At the sublexical level there is also a relationship between the phonology and the orthography pathways. The lexical level is a faster way of gaining semantics than the sublexical one, as can be inferred from a functional MRI study published recently11
and which demonstrated that models of word naming and mean time-of-response from the stimulus was shorter for words than non-words, and which do not have a phonologic cortical representation linked to corresponding semantic units. This lexical priming effect is equally strong in second language processing, even for bilinguals who had acquired the second language within a school setting at 10 to 12 years of age.12
As our patient did not appear to have any disturbance with respect to his second language, we were unable to explore this issue further. It is difficult to demonstrate the independence of these two levels in normal and pathological subjects by functional MRI even using non-words or isolated letters as stimuli, because both levels work together and failure may not be absolute. Spanish disturbance in our patient (represented in ) could be explained by this model. Visual stimuli activated the sublexical level, reaching the semantic units by a letter-by-letter processing strategy. After presentation of different objects, naming was done in Spanish by oral (and written) spelling. So, semantic processing could activate the sublexical level through the phonology (and orthography) pathway. It would have been of great interest to explore what the patient had understood if the examiner had spelled oral commands, just to demonstrate whether the phonology pathway can be activated by an auditory stimulus at the sublexical level.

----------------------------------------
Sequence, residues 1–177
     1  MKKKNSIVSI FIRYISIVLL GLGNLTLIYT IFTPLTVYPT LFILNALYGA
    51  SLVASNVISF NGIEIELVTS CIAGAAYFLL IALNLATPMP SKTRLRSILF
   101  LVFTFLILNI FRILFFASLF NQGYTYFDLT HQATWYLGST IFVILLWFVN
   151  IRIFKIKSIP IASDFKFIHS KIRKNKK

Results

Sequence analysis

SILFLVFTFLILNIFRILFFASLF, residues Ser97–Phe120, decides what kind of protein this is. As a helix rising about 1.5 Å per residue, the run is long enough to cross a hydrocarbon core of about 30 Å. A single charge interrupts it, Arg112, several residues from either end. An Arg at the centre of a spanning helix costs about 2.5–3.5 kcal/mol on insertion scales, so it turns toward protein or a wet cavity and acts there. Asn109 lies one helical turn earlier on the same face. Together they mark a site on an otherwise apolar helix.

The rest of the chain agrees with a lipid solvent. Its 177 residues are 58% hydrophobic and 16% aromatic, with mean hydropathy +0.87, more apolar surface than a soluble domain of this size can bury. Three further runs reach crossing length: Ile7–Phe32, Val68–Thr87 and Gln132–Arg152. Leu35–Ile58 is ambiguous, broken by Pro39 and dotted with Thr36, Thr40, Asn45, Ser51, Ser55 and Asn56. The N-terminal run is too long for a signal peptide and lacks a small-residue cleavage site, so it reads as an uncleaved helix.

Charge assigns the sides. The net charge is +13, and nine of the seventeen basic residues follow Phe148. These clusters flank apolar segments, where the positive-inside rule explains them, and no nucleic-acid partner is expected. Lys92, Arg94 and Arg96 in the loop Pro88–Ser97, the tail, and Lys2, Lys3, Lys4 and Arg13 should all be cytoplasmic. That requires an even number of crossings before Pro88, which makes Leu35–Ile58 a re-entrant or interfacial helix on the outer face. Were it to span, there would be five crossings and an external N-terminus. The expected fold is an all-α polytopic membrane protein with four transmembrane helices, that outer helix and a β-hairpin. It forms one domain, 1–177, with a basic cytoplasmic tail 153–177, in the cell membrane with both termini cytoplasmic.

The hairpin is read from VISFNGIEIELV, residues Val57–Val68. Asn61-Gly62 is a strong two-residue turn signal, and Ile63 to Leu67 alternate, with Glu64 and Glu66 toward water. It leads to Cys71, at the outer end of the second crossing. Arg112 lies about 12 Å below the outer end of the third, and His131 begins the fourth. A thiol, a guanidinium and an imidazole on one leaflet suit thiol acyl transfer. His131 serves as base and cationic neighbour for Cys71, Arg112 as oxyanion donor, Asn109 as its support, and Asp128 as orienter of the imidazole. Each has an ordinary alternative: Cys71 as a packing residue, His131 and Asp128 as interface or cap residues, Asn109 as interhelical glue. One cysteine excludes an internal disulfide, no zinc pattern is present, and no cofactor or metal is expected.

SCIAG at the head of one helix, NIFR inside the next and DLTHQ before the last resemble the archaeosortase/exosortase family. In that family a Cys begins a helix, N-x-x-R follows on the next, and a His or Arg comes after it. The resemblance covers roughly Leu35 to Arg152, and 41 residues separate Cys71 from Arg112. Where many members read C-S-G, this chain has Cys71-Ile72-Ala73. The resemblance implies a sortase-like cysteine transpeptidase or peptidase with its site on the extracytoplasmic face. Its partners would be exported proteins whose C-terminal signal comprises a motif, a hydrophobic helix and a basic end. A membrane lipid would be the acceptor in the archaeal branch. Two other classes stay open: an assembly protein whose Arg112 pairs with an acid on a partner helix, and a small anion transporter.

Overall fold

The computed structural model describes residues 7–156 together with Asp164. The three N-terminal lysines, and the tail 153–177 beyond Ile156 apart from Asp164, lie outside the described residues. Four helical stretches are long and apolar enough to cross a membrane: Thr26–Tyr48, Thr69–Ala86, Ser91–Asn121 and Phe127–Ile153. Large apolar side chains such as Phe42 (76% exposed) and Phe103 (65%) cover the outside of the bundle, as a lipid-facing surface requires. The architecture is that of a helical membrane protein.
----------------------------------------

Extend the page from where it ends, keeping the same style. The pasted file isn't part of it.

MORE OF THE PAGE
(A) Proposed model of relationships between orthography and phonology pathways at lexical and sublexical levels. (B) Author’s explanation for Spanish disturbance is represented (red crosses indicate lexical level impairment).
This neurological examination could be explained by a reversible lesion in the area responsible for orthography and phonology at the lexical level: the whole word system. To confirm this theoretical model, studies would need to be performed in which a disconnection is induced between different cortical areas, perhaps by electrical interference during routine functional mapping in seizure patients undergoing surgery.
This clinical case is very useful, as the patient could be explored by using his second language. This kind of disturbance may be more frequent than we suppose; monolingual patients present more difficulties to be explored if they do not understand what the examiner means.
Finally, many bilingual patients have come to our emergency room complaining about several difficulties in language. Since our experience with this patient, we keep in mind that deficit does not need to be of the same intensity in every language. Examiners must be very cautious in the emergency room; we presented this clinical case in a session and many experienced neurologists thought this disorder was factitious. Now I teach my residents to try to explain patients’ complaints and symptoms without any preconceived notions.
- There are many aphasic syndromes; many of them are still not well known.
- Do not doubt a patient’s complaints. Keep an open mind when exploring aphasia.
- It is a great opportunity to learn about language mechanisms when a bilingual subject presents with brain ischaemia.